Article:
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Romanian former PM Dancila resigns as PSD party leader

posted onNovember 28, 2019
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Romanian former prime minister Viorica Dancila resigned as the head of the Social Democrat Party (PSD) late on Tuesday (Nov. 26). Dancila’s resignation comes after she suffered a defeat in the second round of the presidential election on Sunday (Nov. 24) in which incumbent Klaus Iohannis was reelected as the country’s president with 66 per cent of the votes.

Dancila got 34 percent. It was the lowest number of votes ever received by a PSD presidential candidate in a second round over the past 30 years. Dancila, who also served as Romania’s PM until October 10 when the Parliament  passed a no-confidence motion against the government headed by her, said that her resignation was not a sign of weakness but “a dignifying moment ”. 

"I understood my colleagues' opinion, the fact that they want a reset of the party and that someone must take responsibility for the elections result. It is not a moment of weakness, it is a dignifying moment and I believe that I had to resign my position as national chair of PSD" she said after a six-hour-long session of the PSD’s National Executive Committee.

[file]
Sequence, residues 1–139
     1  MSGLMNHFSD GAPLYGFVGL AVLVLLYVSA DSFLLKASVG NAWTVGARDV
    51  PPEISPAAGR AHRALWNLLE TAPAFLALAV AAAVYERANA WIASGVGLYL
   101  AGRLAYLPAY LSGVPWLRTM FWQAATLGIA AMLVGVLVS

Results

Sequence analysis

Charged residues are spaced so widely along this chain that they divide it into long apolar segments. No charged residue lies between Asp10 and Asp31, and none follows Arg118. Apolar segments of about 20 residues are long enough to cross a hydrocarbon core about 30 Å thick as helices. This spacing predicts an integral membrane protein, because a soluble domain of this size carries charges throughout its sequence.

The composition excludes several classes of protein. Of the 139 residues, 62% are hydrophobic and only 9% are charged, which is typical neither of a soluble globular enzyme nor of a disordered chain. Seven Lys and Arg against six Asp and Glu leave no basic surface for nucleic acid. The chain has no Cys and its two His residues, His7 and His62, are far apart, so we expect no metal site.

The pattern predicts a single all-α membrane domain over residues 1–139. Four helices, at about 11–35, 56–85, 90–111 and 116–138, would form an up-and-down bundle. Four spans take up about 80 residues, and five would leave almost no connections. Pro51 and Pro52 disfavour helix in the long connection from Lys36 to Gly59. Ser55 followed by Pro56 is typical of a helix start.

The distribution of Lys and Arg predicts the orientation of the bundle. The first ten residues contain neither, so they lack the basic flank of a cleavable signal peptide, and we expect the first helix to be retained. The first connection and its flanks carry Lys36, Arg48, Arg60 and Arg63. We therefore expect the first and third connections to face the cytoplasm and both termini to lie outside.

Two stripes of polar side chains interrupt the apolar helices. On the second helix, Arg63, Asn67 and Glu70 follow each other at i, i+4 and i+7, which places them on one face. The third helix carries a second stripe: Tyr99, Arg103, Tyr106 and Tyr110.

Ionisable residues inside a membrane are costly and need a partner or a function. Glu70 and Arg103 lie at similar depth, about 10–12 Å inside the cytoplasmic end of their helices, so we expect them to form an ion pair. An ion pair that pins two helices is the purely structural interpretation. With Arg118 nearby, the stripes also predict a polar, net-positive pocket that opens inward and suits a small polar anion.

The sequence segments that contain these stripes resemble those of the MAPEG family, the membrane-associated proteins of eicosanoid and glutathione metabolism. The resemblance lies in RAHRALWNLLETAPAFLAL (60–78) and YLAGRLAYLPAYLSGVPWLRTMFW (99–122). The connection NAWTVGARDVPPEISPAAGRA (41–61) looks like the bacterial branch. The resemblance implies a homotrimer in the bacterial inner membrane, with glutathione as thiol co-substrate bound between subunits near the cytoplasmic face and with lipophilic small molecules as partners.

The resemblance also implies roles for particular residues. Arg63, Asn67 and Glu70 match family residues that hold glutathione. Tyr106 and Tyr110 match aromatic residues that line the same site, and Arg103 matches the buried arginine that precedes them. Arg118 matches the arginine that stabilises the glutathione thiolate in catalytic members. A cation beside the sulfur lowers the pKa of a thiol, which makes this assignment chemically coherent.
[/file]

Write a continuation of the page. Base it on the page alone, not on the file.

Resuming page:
Marcel Ciolacu, 52, the president of the lower chamber of the Romanian parliament, was named the interim president of the PSD until a party congress in February 2020 elects a new leader.

“I want to thank Mrs Dancila, our former chairwoman. It was a mature CEx meeting. We all assumed the multiple errors made in the elections and we concluded a reset of the party is needed, not a slaughter with heads down. Actually no head has been down today, and, as a first, the former leader is part of the party’s women team” Ciolacu said.

Dancila is to take over the leadership of PSD women's organisation. Along with Dancila, secretary general Mihai Fifor and the PSD vice-presidents resigned. 

Founded in 2001 by Ion Iliescu, Romania's first democratically elected president,  PSD has about 500,000 registered members and holds almost half of the seats in Romania's Parliament as well as more than half of the 3,200 mayor positions in Romania's cities and communes. 

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